Injured, Now What?

Don't Look Now... Tech Neck

By Jasmine Miller
Published

The expression Text Neck, which was coined in 2008 by a Florida doctor, refers to a repetitive stress injury that develops from texting. Specifically, it develops as a result of keeping your head forward and down in that universal pose we all strike to text, update Facebook and keep tabs on Instagram stars.

Neck pain is the most obvious symptom of what has become known as Tech Neck, recognizing that tablets and e-readers, along with desktops and other screens, also play a role in sparking the condition. The ailment can also include headache and tingling hands, along with shoulder and lower back pain. Moreover, it’s common. “I’d say some form of Tech Neck affects half my patients,” says Jonathan Sun, a Certified Athletic Therapist as well as clinical director and owner of Evolution Sports Therapy in Vancouver.

No surprise really, since Canadians spend 90 minutes a day on our smart phones, many of us contorted into the position that leads to Tech Neck: “Elbows at 90 degrees, shoulders rolled, chin forward, head down, and rounded back,” says Sun. That position for any period of time causes a heaping helping of hurt. Why?

Pitching your head forward increases pressure on your neck. According to the report Assessment of Stresses about the Cervical Spine, by Dr. Ken Hansraj, chief of spine surgery at New York Spine Surgery and Rehabilitation Medicine, an adult head in neutral position (face forward, ears over shoulders) weighs about 12 pounds. When we’re in Tech Neck position, the force put on our neck is closer to 60 pounds. Our necks aren’t designed for that. This posture puts wear and tear on the back and, over time, can pull the spine out of alignment.

In the short term, the pain can make it impossible to face simple tasks. “Long term, it affects everything,” says Sun, reciting specific possibilities: “Rotator cuff impingement, carpal tunnel syndrome, pinched nerves, chronic upper body pain and headaches…” 

Thankfully the fixes are simple – and don’t involve going off-line.

Always sit properly

“That means you use the whole chair,” says Sun.

Don’t perch on the edge; move all the way back. Make sure you can feel the chair back along your actual back.

For texting and otherwise using your smartphone, keep your phone close to eye level, keep your elbows close to your body, and tuck your chin in a little bit. This keeps your head closer to neutral position, which puts less pressure on your neck and spine. It’s awkward, but it’s good for you.

Impose new demands on your body

“Everything we do is a demand we put on our body,” says Sun, referring to those practices that become habitual. “And our body will always adapt to those demands.”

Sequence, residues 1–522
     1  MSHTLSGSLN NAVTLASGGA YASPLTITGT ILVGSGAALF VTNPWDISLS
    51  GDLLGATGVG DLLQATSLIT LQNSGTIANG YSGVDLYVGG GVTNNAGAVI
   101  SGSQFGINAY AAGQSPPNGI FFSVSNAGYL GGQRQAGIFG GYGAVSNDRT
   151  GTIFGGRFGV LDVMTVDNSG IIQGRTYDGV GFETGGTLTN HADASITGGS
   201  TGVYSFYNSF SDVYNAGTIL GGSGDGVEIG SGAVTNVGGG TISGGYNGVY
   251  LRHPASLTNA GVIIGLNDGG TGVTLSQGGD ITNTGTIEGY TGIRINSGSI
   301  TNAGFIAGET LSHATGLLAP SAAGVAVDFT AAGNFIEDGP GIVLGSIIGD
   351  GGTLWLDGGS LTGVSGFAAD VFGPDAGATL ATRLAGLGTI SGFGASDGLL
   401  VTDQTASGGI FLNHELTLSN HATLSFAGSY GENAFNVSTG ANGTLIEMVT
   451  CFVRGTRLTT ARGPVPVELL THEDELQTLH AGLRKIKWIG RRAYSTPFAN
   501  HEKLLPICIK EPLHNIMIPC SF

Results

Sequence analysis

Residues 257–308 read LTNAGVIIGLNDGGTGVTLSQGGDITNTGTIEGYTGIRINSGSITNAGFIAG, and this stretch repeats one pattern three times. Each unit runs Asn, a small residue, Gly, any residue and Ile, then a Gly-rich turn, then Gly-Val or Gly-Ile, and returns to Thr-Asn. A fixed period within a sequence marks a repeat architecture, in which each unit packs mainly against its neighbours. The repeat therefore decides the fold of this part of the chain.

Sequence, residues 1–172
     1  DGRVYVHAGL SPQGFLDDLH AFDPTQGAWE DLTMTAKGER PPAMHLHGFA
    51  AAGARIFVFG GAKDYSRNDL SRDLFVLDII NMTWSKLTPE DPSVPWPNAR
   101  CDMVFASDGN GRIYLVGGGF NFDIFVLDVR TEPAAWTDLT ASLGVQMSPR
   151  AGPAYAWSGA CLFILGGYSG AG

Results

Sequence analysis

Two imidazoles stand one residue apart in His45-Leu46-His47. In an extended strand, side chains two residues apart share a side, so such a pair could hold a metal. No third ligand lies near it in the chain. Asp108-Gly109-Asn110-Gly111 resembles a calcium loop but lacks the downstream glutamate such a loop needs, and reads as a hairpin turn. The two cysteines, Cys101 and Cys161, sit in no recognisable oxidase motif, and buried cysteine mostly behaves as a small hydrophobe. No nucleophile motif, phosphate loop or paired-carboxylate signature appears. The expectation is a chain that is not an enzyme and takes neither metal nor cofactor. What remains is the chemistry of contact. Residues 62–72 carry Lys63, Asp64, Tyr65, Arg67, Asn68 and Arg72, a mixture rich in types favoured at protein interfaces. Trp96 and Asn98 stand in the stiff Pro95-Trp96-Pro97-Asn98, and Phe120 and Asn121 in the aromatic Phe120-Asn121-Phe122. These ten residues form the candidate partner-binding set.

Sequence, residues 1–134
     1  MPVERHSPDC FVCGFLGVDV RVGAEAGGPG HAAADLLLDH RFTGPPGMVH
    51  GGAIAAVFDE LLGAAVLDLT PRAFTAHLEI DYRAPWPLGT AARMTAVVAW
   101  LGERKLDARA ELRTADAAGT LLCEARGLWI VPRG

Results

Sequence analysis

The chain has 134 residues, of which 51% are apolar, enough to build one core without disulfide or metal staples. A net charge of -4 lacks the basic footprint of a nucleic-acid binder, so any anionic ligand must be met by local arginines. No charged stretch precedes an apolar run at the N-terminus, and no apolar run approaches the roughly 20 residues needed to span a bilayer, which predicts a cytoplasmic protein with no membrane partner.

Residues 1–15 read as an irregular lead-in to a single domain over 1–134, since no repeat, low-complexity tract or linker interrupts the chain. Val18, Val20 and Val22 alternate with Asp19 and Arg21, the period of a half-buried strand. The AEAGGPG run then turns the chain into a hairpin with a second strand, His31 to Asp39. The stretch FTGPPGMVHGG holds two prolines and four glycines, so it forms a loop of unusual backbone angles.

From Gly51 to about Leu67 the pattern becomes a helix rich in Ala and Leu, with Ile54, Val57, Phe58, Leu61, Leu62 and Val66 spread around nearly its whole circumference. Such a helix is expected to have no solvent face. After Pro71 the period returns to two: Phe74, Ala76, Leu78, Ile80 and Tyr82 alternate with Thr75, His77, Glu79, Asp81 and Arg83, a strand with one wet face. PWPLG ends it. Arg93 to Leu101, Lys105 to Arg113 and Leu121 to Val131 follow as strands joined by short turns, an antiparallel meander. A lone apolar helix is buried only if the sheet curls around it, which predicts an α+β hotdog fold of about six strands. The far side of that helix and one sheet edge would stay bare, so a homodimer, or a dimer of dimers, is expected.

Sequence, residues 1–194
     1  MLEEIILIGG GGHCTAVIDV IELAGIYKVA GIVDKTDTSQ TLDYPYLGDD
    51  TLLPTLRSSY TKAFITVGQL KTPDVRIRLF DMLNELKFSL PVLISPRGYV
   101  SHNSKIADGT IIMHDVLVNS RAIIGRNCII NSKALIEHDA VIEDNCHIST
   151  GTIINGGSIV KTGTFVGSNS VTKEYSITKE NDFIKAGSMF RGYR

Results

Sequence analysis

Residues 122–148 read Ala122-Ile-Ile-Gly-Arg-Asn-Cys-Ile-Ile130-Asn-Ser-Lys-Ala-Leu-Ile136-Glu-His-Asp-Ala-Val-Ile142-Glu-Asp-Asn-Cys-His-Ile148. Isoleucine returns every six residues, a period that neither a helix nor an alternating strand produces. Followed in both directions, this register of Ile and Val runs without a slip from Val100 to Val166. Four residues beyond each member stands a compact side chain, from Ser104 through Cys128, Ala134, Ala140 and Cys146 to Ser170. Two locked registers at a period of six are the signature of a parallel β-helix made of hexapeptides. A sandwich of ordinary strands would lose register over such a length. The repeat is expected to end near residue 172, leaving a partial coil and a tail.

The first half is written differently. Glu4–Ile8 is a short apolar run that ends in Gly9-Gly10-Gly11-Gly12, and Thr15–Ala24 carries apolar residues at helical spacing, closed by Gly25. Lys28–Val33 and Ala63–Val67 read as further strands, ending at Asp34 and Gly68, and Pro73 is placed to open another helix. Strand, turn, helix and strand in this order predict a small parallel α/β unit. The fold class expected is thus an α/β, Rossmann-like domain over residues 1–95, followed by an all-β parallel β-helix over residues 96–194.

Some demands are positive – swimming is a demand, as is eating breakfast, or meditating. Our body adapts to those things by getting stronger, more efficient and clear headed.

Other demands, like sitting and using a phone, aren’t so positive. Our body responds by getting hunched and radiating pain.

No one is suggesting you give up devices, which is probably impossible for the three in four Canadians who own a smartphone, but “you have to impose another demand that balances the body,” Sun says.

In this case, any physical activity that you do three times a week. “Find something, anything you enjoy and do it regularly,” says Sun. “To counteract Tech Neck, you just need to move.”

Get up from your desk every hour

Use this time to stretch for a few minutes. Sun recommends making large pinwheels with your arms to loosen chest as well as upper and lower back. Those muscles are likely to get tight from all your screen time, but stretching your neck is also important.

Here’s a simple but effective move: put one hand on the opposite shoulder. Press down and tilt your head away from your shoulder. Hold for a few seconds, then switch sides.

A Cat Back Stretch will give some relief to your upper back: Put both arms straight in front of you. Clasp one wrist with the opposite hand. Round your back and pull the wrist until you feel a stretch behind your shoulder.

So as you use various devices to connect to the world, remember these simple tips to help ensure using your device doesn’t also connect you to a world of pain.

Contributing Athletic Therapist
Jonathan Sun

B.E.P., CAT(C)

Jonathan has been a practicing athletic therapist for 13 years. He owns two clinics in the Vancouver area. He has worked clinically since 2004 and was the Athletic Therapist for the Canadian National Tae Kwon Doe Team for the 2006 Commonwealth Championships, Canadian Senior Womens Basketball, Canadian U-18 Womens Soccer, and BC provincial soccer program.